, January 2009
Martha Argerich is one of the most compelling musicians on the face of the earth. After a recent concert with the Philadelphia Orchestra, The Philadelphia Inquirer critic, Peter Dobrin, had this to say about her playing: “It seems to me she has at least two qualities no other pianist possesses: no one else can produce so many colors without any of them being percussive, and no one has hands that lead lives so completely independent of each other.” It is natural to be interested in her biography, as well, which is rather exotic. She was born in Argentina, studied in Europe with legends Geza Anda and Michelangeli, has been married three times, is an enthusiastic supporter of upcoming young musicians, and has had controversial stints as a competition judge. But she is also an intensely private and frightfully shy person, and so access to her by journalists has been very limited. This film, made in 2002 by Georges Gachot, does not remedy the situation much. This is clearly an interview film with strict guidelines attached, and as such, somewhat boring. Argerich is a woman of great passion and emotion, which comes through in her comments, but it comes through with far greater cogency in her playing. She offers little insight into her interpretive method, perhaps because it is an impossible quality to capture in words. We are told that “Prokofiev likes me a lot.” Okay, so she envisions the composer as muse, watching her playing and passing judgment. A lot of musicians work the same way.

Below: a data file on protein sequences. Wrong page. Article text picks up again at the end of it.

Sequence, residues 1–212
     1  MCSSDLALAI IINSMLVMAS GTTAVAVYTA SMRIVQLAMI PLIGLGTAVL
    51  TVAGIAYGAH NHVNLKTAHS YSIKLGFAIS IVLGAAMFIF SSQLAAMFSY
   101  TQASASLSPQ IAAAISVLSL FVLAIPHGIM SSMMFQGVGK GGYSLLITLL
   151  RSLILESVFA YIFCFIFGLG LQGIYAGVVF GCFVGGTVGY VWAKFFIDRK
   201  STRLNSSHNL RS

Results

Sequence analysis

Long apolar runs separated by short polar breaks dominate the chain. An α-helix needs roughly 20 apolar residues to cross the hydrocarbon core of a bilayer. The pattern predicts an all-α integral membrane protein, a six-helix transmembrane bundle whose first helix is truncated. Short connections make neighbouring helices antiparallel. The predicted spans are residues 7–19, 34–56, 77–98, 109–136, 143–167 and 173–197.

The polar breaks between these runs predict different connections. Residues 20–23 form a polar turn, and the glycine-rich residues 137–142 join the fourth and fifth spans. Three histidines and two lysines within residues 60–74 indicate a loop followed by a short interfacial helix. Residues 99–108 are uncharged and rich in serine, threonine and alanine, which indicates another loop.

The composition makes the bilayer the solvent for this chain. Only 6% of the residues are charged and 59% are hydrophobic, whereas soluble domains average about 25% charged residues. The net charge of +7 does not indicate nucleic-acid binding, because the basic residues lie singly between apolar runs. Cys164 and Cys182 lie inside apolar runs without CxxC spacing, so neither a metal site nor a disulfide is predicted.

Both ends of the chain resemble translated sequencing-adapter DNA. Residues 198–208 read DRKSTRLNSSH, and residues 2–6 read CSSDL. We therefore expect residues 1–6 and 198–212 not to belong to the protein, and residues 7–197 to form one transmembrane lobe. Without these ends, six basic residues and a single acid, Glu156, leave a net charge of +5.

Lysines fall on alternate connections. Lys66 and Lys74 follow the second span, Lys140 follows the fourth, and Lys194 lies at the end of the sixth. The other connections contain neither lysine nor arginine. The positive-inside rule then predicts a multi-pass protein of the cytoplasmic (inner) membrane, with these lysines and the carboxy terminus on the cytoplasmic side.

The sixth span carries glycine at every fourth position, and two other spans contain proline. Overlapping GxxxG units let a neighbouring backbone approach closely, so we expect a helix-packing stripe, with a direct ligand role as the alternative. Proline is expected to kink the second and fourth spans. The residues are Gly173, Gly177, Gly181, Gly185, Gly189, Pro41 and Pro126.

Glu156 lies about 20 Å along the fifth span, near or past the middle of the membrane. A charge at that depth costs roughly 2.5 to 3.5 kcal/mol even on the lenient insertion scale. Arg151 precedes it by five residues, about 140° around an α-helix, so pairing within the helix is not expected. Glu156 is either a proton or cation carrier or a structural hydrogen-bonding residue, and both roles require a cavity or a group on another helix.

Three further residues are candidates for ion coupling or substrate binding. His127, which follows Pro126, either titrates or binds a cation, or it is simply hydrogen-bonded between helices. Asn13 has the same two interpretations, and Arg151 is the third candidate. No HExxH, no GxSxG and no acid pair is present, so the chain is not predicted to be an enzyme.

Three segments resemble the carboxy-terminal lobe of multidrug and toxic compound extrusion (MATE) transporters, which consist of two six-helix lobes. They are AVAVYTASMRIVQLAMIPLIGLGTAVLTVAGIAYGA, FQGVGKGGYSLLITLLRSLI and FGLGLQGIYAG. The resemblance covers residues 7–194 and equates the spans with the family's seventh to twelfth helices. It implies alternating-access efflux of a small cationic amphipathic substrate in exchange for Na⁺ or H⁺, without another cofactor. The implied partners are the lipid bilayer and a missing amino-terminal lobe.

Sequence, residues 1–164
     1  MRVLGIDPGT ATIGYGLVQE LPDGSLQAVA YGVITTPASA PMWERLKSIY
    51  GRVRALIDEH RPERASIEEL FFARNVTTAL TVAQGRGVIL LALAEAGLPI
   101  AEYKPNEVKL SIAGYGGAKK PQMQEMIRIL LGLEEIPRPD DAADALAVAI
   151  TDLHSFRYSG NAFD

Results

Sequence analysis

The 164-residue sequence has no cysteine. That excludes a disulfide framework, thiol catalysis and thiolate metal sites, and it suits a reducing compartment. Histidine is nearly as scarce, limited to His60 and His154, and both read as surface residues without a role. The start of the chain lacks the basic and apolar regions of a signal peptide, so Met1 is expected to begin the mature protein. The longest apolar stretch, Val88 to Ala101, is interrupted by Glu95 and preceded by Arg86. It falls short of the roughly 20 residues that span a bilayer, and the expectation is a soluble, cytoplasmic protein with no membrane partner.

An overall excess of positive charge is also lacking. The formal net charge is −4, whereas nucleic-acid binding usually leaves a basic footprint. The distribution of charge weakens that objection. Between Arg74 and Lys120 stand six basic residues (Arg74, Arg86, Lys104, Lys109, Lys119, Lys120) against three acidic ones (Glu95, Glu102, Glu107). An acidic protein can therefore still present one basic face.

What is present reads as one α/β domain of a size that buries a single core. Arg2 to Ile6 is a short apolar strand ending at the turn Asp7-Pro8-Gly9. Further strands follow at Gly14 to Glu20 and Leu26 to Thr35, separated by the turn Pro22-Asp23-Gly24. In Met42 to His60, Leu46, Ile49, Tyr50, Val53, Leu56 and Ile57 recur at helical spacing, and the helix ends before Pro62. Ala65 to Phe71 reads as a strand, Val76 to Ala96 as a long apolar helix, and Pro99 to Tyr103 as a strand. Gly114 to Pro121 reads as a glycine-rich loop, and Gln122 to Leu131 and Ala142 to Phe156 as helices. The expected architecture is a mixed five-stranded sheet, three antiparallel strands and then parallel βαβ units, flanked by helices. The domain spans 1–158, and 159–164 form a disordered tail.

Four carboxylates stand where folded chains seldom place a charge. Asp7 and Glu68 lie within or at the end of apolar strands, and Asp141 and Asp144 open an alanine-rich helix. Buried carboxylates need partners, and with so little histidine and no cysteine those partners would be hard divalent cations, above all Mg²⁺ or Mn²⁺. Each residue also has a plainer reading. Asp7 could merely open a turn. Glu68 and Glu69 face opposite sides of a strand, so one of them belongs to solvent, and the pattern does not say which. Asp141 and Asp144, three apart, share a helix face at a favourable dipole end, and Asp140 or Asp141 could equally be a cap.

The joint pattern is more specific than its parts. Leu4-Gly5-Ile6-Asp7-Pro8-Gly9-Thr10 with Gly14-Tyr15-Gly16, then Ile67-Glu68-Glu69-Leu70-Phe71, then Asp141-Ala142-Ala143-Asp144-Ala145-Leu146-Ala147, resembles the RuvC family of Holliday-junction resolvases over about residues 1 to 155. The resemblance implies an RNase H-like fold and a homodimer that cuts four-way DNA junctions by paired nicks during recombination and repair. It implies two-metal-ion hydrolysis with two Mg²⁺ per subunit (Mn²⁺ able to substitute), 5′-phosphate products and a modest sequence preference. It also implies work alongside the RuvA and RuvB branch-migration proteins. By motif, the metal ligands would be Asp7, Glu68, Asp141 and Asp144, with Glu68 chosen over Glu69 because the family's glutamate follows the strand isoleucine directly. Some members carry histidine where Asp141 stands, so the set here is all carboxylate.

The omissions in the film are curious. I really don’t care about Argerich’s personal life, a topic scrupulously avoided, but a couple of key aspects of her professional activities are barely mentioned. There is a charming segment on the influence of Anda, including an odd clip of him playing rather charmless Beethoven, but almost nothing about the other important mentor in her early days, Michelangeli. And although the film includes segments of lovely live performances of Argerich accompanying some of her youthful stable of young colts, she does not speak of this really significant aspect of her life in music in recent years. That there are always a few young things lounging about while she is being interviewed only amplifies the absence of this topic.
For some, especially hard-core Argerich fans, there are some strong elements in the film. For starters, the sheer honesty and natural strength of the woman are quite stunning. She wears little or no makeup and has broadened physically a bit in her maturity, and yet her natural beauty beams through. She adroitly, and charmingly, switches between at least four languages. And as interview films go, we get very little of the questioner. Within the proscribed limits of the subject matter, she is quite loquacious, as if Gachot merely pushes a button and the rest is Argerich. Of course, there are plenty of wonderful clips of Argerich playing over the years, but with no revelations, as all of the material derives from her famously limited repertoire. There is a bonus track of seven short pieces, all familiar. Gachot is an interesting filmmaker, and he clearly adores his subject, but anyone other than Argerich fanatics will be just as well served by YouTube, Wikipedia, and of course, her astonishing catalog of recordings.